Today there are a few more options, and I decided to use these Wildcats as a contest of sorts between two of them – Alclad II metallic lacquers and Talon acrylic metalizers. Since the Wildcats weren’t actually left in bare metal, but rather painted with an aluminum lacquer, I opted for more of a semi-matte finish. With Alclad II, this meant Semi-Matte Aluminum. With Talon, this meant straight-up Aluminum without any polishing powders.

Both paints call for a similar application of light, misting coats to build up coverage in layers.

The Alclad went down without a problem and built up well in consecutive layers. But…for semi-matte…it went down very flat. I have to admit it has me wondering what their Dull Aluminum looks like. Is it just grey?

The Talon gave me a few problems coming out of the airbrush. It seemed to get hung up in the nozzle until I had the trigger pulled back to about 75% throttle, when it would just come gushing out. I suspect user error is probably to blame. Maybe I didn’t mix the paint thoroughly enough. Maybe I didn’t clean the airbrush as thoroughly as I thought after spraying the Alclad. Maybe the Iwata’s 0.3mm nozzle is just too fickle. Whatever the case, it made the light, misting coats somewhat of a challenge, but I managed to get the paint down well enough, and with the exception of a small area aft of the cockpit on the starboard side, everything came out looking uniform and clean.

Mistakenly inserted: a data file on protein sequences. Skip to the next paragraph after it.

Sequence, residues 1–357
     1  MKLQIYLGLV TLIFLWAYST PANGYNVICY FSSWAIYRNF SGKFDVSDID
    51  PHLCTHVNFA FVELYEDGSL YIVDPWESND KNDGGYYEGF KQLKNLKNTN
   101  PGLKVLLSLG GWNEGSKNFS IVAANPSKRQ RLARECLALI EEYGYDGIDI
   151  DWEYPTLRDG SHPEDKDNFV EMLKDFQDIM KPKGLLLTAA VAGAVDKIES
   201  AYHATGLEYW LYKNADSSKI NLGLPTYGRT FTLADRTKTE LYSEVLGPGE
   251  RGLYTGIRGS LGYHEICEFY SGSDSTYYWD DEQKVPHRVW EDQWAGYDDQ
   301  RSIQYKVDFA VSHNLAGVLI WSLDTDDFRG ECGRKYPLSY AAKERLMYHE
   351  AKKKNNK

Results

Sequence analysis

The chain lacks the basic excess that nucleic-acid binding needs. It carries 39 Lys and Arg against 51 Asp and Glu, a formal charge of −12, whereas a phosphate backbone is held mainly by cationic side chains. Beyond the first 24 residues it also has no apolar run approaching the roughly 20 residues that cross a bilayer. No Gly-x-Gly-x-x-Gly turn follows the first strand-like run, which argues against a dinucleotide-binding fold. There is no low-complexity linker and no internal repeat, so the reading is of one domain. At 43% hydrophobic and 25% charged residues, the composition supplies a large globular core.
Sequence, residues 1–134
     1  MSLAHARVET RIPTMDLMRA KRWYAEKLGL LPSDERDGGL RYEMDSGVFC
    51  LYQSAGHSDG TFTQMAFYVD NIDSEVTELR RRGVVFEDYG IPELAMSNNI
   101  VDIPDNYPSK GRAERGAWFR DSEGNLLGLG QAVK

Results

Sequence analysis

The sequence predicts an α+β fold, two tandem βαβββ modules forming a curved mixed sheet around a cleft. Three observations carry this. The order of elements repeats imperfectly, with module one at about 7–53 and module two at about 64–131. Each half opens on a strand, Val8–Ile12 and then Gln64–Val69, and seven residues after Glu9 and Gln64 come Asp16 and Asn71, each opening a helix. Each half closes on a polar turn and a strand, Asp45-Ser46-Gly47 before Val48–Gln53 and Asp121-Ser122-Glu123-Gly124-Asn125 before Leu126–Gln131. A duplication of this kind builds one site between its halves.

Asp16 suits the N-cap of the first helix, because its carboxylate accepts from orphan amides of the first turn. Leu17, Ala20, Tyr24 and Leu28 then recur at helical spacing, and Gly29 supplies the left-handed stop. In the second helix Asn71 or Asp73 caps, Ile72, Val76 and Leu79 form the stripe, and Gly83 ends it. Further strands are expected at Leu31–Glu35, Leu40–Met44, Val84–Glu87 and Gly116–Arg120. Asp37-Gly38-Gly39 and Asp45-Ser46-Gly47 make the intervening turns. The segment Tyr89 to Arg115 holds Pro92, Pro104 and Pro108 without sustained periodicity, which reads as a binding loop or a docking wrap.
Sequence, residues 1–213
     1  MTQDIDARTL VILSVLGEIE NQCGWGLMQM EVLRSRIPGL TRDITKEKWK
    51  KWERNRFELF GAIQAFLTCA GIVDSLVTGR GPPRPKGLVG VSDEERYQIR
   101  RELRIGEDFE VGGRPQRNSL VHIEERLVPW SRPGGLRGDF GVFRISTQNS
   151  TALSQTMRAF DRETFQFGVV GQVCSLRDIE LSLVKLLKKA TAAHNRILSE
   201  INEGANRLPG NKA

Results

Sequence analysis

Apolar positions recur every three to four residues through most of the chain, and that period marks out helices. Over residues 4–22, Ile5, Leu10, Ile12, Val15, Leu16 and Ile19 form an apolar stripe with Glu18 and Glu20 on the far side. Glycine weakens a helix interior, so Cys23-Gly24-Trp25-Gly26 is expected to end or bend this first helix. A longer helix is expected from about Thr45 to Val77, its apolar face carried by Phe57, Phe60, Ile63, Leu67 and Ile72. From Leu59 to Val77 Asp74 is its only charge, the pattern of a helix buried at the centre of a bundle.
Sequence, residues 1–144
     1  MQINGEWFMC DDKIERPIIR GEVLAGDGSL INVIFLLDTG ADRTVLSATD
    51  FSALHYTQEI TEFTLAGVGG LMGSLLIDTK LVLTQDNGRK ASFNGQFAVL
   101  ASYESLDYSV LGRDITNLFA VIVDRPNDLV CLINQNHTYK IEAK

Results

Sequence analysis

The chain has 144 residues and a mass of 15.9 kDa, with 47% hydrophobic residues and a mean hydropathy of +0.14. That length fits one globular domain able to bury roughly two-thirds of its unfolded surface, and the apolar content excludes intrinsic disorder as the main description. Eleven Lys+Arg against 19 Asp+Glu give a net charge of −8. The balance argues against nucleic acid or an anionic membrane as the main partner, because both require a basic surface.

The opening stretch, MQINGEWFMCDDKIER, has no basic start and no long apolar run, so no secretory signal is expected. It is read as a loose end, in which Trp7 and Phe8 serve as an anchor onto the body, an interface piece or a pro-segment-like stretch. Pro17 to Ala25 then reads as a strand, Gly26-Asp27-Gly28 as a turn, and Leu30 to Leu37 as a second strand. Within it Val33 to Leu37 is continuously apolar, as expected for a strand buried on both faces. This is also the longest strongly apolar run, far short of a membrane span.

In terms of the final verdict…it’s tough to tell. I think the Talon (applied to Lola’s pink-tail) looks closer to metal, but then I wasn’t playing with one of Alclad’s “proper” metallic finishes like Duraluminum. Of course, I didn’t bring polishing powder or a buffing wheel to bear on the Talon, either. And I haven’t been able to test how well either hold up under masking. So at this point I guess I’d have to say it’s a tie, with maybe a slight edge to the Talon.

Either way, I’m looking forward to playing with both again, and considering the number of aircraft I’ve got on deck with either partial or full bare metal finishes (at least six!), I’m sure I’ll have plenty of opportunities.